ad (a): As I will show, the resurrection of past technologies in digital horror movies (e.g. the early-twentieth-century camera in Night of the Demons [2009] and the protocinematic image-recording devices in Abraham Lincoln: Vampire Hunter [2012]) represents the next step in the development of (audio)visual media's engagement with the past: Analog photography commemorated the dead, while film re-animated the dead. Digital cinema, as William Brown has argued, removes the image from its anthropocentric perspective; the digital image is a post-human creation, born from binary code, existing in a computer. Cloverfield (2008) presents an illustrative example in this context, as the analog traces of recordings of human interactions and human deaths are increasingly displaced by digital recordings of a (digital) nonhuman creature. Here, the resurrection of the medium's past anticipates the death of film qua celluloid. Now, if we accept that cinema was the human eye of the twentieth century, as Francesco Cassetti has suggested, then the death of cinema in the early twenty-first century heralds the vanishing of the human.

ad (b): Digital media lack a material body; however, they combine and remediate a number of different media. They generally belong to an ontology different from the one occupied by analog media. Unlike analog media, which brought forth specters, digital media themselves are spectral–they simulate, to use Jacques Derrida's dictum, a "being-there of an absent or departed one" (5). For example, horror movies such as FearDotCom (2002), Pulse (2006), and Unknown User (2014) use the spectral presence of the internet as a source of horror. When human characters die in these movies, their virtual doubles replace them. These virtual identities do not simply immortalize the characters in the digital domain, as the avatars take on lives of their own; agencies beyond human control. In this way, these movies do not only suggest that the human body loses its material anchor in the digital domain; instead, the human disappears altogether. In the end, my proposed paper will thus argue that both the incorporation of analog media and analog technologies in digital horror movies and the integration of digital media and digital technologies in analog horror films herald the age of post-cinema and anticipate a post-human future.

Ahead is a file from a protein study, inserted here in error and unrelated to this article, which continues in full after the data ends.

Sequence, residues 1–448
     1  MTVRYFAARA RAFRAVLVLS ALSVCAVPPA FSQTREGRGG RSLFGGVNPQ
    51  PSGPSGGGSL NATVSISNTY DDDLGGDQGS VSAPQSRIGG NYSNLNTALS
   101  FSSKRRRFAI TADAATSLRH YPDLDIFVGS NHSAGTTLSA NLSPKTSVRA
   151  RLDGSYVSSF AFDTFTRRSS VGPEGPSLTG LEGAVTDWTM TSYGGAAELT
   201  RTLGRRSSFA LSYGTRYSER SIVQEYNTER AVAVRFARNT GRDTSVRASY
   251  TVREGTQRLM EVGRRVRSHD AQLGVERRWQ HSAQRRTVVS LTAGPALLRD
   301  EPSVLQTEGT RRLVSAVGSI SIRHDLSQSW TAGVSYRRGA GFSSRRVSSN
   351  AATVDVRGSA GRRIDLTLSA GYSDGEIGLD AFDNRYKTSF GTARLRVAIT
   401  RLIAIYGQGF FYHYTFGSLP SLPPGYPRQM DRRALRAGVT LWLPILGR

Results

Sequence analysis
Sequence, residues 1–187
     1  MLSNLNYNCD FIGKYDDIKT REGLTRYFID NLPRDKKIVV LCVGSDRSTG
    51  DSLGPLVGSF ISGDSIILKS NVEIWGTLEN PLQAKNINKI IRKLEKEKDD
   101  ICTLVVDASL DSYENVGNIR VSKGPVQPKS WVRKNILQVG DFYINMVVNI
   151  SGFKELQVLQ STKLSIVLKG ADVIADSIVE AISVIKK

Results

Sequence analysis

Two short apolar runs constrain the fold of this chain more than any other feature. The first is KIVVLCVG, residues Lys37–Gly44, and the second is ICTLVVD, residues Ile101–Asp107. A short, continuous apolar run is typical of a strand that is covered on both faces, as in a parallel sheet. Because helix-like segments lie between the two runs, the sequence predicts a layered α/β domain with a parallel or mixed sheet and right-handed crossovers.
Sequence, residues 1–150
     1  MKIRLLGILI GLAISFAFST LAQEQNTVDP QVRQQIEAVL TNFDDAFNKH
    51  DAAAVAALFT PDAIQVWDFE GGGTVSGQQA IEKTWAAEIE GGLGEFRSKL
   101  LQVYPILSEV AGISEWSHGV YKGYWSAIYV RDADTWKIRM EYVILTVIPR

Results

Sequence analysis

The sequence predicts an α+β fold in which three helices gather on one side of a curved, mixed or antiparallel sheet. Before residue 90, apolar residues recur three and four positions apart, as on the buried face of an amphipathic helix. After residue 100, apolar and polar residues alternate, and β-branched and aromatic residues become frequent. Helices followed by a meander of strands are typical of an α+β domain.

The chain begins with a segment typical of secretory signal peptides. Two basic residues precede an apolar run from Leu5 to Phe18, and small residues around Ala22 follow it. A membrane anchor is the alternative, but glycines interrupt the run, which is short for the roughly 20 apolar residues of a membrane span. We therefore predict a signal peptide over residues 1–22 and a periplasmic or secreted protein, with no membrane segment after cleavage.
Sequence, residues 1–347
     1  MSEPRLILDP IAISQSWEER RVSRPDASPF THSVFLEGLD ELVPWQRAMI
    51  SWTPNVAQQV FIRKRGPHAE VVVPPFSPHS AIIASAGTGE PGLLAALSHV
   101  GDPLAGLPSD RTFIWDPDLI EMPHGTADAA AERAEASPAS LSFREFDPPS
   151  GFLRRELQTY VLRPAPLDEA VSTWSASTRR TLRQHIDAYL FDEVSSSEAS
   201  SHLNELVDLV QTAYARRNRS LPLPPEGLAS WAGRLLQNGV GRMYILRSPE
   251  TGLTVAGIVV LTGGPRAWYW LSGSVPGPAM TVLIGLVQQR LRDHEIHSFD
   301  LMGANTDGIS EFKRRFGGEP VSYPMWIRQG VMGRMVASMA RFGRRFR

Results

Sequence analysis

Telling Stories about Dying: Extinction in Thomas Pynchon's Oeuvre (Essay for Volume on Extinction Narratives)

"Nature does not know extinction. All it knows is transformation," states "inventor and space expert" Wernher Von Braun in an epigram to Gravity's Rainbow (1973). This statement is deeply entrenched in Thomas Pynchon's symbolic use of thermodynamics—every breathing organism is energy and energy cannot simply disappear. Yet beyond this idea (which Pynchon scholars have discussed ad nauseam), "nature" cannot know extinction, since both "nature" and "extinction" are human constructs which may refer to phenomena occurring on planet Earth, but which cannot mean anything outside human discursive fields. In view of his general distrust in human discourses, it seems interesting that, throughout his career, Pynchon has touched upon extinction.